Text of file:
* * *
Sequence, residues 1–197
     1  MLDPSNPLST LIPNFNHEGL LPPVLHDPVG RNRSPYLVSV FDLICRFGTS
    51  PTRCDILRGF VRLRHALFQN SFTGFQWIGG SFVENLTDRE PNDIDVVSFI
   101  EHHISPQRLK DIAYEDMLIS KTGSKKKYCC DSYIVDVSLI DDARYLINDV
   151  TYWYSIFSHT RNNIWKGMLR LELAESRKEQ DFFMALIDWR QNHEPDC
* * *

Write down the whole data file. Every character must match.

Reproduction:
Sequence, residues 1–197
     1  MLDPSNPLST LIPNFNHEGL LPPVLHDPVG RNRSPYLVSV FDLICRFGTS
    51  PTRCDILRGF VRLRHALFQN SFTGFQWIGG SFVENLTDRE PNDIDVVSFI
   101  EHHISPQRLK DIAYEDMLIS KTGSKKKYCC DSYIVDVSLI DDARYLINDV
   151  TYWYSIFSHT RNNIWKGMLR LELAESRKEQ DFFMALIDWR QNHEPDC